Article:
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Re: Finance


I paid everything in cash almost always used except the wife's car.

My way of doing things though is probably not right for you though. Tell you what though, I'm really glad everything is paid cash cause now that I'm out of the game, there is very little stress about getting rid of some of the bigger things, (skid steer, work trucks, etc). If I had payments on them I don't know how I would be able to do it.
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Old 05-20-2017, 07:23 PM   #6
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Re: Finance


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Originally Posted by Deckhead View Post
I paid everything in cash almost always used except the wife's car.

My way of doing things though is probably not right for you though. Tell you what though, I'm really glad everything is paid cash cause now that I'm out of the game, there is very little stress about getting rid of some of the bigger things, (skid steer, work trucks, etc). If I had payments on them I don't know how I would be able to do it.
If you had payments then you wouldn't have spent the lump sum at the beginning so you would still have money in the bank....so it's a wash.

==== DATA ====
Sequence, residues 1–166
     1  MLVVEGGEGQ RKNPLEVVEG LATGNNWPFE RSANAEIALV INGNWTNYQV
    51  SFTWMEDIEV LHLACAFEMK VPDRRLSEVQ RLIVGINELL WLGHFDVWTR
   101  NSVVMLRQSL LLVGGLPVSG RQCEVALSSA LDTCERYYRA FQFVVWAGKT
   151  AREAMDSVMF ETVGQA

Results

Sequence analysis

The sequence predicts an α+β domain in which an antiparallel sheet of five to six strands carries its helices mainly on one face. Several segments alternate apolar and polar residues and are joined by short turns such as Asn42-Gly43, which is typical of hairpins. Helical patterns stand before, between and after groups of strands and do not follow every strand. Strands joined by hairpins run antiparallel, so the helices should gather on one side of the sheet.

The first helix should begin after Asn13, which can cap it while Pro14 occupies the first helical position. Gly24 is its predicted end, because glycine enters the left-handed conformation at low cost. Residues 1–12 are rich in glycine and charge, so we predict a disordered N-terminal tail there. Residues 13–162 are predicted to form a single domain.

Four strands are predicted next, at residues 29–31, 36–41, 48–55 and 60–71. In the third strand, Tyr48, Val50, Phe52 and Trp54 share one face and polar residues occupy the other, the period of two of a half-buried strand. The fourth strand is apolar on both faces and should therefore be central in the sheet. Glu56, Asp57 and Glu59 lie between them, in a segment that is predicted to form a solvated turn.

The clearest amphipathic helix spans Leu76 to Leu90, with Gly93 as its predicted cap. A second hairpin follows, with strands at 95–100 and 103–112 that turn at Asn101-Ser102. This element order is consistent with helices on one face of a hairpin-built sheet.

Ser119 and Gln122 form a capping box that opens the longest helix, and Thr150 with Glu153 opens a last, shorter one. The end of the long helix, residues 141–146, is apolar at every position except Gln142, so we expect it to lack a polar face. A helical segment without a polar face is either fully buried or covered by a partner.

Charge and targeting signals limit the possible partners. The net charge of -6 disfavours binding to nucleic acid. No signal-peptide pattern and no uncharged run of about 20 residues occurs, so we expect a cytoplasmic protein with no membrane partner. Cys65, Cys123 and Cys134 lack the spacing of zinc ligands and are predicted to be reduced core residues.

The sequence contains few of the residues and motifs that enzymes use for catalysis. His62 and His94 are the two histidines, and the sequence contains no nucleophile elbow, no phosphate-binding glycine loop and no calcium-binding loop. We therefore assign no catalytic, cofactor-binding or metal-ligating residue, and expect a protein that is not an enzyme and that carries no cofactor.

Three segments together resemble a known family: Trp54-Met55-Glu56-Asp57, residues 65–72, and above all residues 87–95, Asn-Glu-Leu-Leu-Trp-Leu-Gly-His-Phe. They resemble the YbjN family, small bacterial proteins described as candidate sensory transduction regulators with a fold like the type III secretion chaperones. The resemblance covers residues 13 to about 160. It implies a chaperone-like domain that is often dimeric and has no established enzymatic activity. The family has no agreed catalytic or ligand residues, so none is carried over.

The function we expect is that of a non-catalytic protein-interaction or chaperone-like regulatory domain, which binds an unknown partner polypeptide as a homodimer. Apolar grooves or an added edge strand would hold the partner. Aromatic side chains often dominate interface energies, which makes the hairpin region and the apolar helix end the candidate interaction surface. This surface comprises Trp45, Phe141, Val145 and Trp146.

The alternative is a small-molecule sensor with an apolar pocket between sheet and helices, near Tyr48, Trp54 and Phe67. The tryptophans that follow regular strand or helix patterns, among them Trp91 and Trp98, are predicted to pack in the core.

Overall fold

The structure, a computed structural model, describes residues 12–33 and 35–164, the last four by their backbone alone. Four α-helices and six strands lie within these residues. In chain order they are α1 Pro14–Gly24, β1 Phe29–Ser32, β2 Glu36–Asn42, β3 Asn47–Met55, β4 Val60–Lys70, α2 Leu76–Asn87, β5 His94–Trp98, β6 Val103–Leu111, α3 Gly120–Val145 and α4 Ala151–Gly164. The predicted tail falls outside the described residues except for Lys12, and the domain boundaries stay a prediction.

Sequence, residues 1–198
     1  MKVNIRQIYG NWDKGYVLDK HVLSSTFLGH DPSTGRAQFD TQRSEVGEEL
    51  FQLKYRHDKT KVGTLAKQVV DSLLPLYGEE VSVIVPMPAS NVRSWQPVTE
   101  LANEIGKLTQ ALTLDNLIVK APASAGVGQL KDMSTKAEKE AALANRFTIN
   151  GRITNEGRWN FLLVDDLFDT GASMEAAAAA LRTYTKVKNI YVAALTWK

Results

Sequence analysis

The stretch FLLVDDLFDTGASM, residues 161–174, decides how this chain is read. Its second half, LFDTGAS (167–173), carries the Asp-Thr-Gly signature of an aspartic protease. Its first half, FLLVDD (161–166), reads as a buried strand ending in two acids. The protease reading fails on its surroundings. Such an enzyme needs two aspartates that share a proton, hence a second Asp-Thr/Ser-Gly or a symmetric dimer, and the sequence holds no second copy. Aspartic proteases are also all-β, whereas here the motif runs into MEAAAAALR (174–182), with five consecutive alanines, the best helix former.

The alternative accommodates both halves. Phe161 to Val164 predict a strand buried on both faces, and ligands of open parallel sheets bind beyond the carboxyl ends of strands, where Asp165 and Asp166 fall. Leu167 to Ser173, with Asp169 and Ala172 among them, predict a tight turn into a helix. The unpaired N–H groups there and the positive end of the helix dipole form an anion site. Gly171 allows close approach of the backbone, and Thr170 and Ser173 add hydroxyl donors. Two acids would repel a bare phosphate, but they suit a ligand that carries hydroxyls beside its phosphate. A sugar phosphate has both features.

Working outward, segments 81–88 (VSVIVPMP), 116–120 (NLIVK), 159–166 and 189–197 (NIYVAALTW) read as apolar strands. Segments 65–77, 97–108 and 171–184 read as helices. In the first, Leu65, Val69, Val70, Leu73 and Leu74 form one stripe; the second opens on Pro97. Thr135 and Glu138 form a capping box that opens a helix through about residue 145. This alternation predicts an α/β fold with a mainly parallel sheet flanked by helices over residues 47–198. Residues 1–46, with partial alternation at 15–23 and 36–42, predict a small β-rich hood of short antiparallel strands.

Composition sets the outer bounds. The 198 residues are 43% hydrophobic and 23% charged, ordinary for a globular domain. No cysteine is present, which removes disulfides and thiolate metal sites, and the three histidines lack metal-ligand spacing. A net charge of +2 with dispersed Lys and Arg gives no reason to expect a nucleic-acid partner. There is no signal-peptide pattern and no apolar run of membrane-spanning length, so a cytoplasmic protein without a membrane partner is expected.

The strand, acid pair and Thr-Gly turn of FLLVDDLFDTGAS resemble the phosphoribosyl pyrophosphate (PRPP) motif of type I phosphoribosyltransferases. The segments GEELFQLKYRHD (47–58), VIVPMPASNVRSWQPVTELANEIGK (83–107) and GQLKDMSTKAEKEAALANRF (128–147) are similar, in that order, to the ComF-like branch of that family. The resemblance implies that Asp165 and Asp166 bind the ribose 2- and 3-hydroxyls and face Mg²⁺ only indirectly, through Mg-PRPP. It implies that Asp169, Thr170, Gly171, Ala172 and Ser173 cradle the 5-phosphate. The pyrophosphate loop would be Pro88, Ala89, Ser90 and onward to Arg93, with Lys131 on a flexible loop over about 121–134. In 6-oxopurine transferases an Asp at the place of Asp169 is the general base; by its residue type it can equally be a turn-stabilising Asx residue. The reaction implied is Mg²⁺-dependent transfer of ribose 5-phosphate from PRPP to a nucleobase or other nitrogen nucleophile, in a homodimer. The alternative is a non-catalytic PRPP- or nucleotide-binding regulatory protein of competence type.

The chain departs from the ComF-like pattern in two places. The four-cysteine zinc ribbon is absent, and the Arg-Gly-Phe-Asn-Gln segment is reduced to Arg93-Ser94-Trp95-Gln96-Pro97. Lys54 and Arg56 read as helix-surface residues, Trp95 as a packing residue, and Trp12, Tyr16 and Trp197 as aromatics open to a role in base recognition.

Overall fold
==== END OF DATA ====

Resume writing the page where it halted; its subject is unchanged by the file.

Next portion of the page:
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Old 05-20-2017, 07:29 PM   #7
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Re: Finance


I pay cash for all my vehicles. Write off the depreciation.


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Old 05-20-2017, 07:35 PM   #8
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Re: Finance


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I pay cash for all my vehicles. Write off the depreciation.


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I use the time value of money. My investment profile has returned on average 10 percent per annum for the past 7 years. So if I can finance a vehicle with an open loan at 2.99 percent and the dealer doesn't offer a substantial discount for cash there is no incentive to pay cash for it...they money is more valuable in my hands.